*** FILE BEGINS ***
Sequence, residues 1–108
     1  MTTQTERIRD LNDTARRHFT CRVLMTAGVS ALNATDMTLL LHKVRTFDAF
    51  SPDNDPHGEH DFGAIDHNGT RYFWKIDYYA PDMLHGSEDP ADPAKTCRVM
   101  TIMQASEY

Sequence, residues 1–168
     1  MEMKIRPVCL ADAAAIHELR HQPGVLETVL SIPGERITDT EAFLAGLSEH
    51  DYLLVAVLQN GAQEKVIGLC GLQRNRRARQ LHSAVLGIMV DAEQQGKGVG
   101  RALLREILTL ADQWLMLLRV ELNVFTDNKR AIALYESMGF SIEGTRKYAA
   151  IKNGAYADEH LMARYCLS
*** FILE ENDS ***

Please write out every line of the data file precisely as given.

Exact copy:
Sequence, residues 1–108
     1  MTTQTERIRD LNDTARRHFT CRVLMTAGVS ALNATDMTLL LHKVRTFDAF
    51  SPDNDPHGEH DFGAIDHNGT RYFWKIDYYA PDMLHGSEDP ADPAKTCRVM
   101  TIMQASEY

Sequence, residues 1–168
     1  MEMKIRPVCL ADAAAIHELR HQPGVLETVL SIPGERITDT EAFLAGLSEH
    51  DYLLVAVLQN GAQEKVIGLC GLQRNRRARQ LHSAVLGIMV DAEQQGKGVG
   101  RALLREILTL ADQWLMLLRV ELNVFTDNKR AIALYESMGF SIEGTRKYAA
   151  IKNGAYADEH LMARYCLS